The RAF in France in 1939/1940 was divided into two separate operational formations — Advanced Air Striking Force (AASF) and Air Component Striking Force (ACSF). The former were located south of a line drawn through Paris, Rheims and the Lüneburg Corner while the latter (to which 14 Group was attached) occupied the area north of this, mainly in Northern France, including the Channel coast. The Group HQ, was situated in a village two miles east of Arras.
Our Group used a number of airfields previously occupied by the French Air Force, and the planes were a mixture of fighters, light bombers and army cooperation aircraft — including such planes as Hurricanes (wooden propellers), Gladiators (the last of the biplane fighters and operated by University Air Squadron pilots), Blenheims and Lysanders.
The distribution of the forces in this northern sector was a zonal one, with alternating French and British strips, extending from west to east. The troops that the French provided for this zone, the 8th and 9th Armies, were mostly reservists, veterans of World War I.
During this 'cold war' period, the French civilian population was restricted to its local areas, and every individual required a transit pass. When the German advance began in May 1940, these regulations were dropped and the people evacuated their homes and neighbourhoods in thousands. As they rushed panic stricken towards the south, they created an almost total blockage of the roads, as well as a severe food shortage. The Germans were not slow in infiltrating fifth columnists into this mass exodus in the guise of refugees. Later I was told of such cases as a 'nun' seen urinating in a standing position. When 'she' was challenged and shot, a small sub-machine gun was found tucked under 'her' habit. Other bizarre cases included midgets dressed as young girls, hiding guns and bombs under their skirts.
During the 'cold war' the French had ordered eighty percent of their civilian doctors to join the armed forces. This naturally left vast tracts of rural France without medical coverage. As a result we BEF (British Expeditionary Force) doctors had to take over in these areas and were medically responsible for the local civilians.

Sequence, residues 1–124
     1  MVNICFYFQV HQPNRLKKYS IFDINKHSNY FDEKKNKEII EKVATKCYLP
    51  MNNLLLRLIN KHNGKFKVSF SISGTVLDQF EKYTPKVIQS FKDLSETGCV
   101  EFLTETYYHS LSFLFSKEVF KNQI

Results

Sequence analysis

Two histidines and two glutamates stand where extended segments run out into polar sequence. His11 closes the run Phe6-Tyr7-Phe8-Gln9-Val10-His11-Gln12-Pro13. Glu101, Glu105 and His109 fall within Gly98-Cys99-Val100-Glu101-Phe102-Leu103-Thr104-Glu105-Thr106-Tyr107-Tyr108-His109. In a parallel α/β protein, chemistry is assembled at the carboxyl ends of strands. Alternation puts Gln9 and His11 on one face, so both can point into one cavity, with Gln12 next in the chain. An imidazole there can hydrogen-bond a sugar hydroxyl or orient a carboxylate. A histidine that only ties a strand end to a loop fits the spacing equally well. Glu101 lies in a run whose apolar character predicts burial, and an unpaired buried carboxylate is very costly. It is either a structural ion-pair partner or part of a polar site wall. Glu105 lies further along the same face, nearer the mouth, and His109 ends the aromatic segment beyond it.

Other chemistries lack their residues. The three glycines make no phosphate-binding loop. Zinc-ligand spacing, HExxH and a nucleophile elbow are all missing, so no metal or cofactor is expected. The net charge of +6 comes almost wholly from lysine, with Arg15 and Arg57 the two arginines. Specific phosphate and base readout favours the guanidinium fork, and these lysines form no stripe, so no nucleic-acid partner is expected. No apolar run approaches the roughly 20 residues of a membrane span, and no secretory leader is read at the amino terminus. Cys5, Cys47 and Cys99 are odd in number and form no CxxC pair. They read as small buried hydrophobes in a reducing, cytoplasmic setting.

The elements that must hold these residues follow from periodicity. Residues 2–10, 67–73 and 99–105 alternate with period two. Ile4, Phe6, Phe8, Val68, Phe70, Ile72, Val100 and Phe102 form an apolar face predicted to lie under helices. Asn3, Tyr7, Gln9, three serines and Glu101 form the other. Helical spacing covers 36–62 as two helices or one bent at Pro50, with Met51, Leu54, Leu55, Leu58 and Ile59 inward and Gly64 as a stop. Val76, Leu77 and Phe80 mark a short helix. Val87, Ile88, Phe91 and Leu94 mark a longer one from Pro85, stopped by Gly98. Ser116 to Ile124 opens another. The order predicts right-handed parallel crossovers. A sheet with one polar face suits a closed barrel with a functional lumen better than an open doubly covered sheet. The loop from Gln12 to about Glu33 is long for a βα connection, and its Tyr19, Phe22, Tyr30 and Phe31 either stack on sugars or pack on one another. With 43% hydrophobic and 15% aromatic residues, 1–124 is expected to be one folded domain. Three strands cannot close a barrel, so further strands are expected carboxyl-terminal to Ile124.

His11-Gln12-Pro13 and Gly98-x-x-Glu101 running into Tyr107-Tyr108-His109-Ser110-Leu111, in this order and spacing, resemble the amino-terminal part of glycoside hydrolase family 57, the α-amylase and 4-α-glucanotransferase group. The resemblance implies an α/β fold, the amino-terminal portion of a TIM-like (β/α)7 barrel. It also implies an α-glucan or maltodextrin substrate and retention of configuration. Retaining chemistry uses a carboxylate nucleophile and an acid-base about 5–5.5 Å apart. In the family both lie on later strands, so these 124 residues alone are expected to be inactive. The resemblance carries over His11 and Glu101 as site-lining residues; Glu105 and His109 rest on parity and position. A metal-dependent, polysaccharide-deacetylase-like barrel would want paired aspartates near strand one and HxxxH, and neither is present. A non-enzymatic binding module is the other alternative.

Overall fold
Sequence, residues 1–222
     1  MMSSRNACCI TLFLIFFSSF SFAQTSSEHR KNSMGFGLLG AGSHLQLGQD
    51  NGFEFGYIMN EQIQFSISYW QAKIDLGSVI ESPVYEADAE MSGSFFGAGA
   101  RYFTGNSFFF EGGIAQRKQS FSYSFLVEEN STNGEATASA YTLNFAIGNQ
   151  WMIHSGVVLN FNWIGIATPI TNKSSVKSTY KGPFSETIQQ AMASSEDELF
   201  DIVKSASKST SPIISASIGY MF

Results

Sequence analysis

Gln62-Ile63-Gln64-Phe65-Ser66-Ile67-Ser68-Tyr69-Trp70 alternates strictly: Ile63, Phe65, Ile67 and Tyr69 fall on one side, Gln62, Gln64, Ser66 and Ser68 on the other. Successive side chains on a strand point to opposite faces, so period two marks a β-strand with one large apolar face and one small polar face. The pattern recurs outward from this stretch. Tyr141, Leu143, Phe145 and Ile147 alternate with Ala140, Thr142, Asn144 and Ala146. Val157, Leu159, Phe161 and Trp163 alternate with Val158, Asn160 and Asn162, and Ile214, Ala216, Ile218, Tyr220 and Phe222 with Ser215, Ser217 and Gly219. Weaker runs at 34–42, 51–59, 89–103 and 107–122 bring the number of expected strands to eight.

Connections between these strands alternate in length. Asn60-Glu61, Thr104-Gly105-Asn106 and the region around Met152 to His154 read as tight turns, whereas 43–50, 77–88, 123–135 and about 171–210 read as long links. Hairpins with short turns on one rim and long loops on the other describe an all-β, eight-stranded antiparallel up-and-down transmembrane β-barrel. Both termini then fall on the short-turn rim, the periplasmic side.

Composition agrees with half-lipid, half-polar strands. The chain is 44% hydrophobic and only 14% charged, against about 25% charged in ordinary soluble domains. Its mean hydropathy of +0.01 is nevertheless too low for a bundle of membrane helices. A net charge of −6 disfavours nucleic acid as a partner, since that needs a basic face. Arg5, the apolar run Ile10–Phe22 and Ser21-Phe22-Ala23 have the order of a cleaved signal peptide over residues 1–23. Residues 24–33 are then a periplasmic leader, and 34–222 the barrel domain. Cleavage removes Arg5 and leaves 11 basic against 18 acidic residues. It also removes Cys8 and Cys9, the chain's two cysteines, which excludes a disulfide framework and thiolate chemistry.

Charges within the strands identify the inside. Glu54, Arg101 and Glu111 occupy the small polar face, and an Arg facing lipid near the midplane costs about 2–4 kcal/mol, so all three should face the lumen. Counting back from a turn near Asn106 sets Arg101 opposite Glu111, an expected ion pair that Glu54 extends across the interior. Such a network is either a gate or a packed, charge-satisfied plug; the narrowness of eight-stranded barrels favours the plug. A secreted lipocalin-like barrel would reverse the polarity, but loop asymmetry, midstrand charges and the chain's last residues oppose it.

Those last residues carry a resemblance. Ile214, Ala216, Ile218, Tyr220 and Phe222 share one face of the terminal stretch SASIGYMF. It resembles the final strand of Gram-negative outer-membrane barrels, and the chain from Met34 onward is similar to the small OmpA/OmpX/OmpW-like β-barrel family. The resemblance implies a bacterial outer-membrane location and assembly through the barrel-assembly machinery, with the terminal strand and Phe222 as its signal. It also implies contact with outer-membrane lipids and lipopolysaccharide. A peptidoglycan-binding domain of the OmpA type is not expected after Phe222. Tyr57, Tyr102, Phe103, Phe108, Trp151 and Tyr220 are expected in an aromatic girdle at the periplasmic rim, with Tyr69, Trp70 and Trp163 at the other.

The BEF medical organization in Northern France at that time consisted of a number of Medical Receiving Stations and Casualty Clearing Stations run by the RAMC (Royal Army Medical Corps) because the RAF had none of these types of mobile medical units ready and these were scattered in the zones to cover local units. We in the RAF medical branch were reluctant to use these RAMC Medical Units for our 'psychiatric' cases — and I have apostrophised the word psychiatric deliberately, as it had become the established practice in France for our RAF doctors to send any pilot whom they wished to have rested to the nearest Army psychiatrist, who had previously been briefed to recommend two weeks' leave. The pilot was then sent to Paris to an organised leave centre, where he usually finished up physically tired but mentally refreshed. Our reluctance, however, stemmed from a highly unfortunate incident concerning one of the first RAF aces — Flying Officer 'Cobber' Kain. He had become famous for his strikes against 'cold war' German pilots, but the time had come to give Cobber a rest. Observing the correct procedure, he was sent to the Army psychiatrist in a local RAMG Medical Unit, where, unfortunately, a new man had arrived. When he examined Cobber, he diagnosed him as lacking in moral fibre — a diagnostic term which was then used medically for cowards. When the dust from the RAF seniors had settled, we managed to sort matters out and Cobber was sent to enjoy a well-earned leave in Paris. Tragically he was killed shortly afterwards.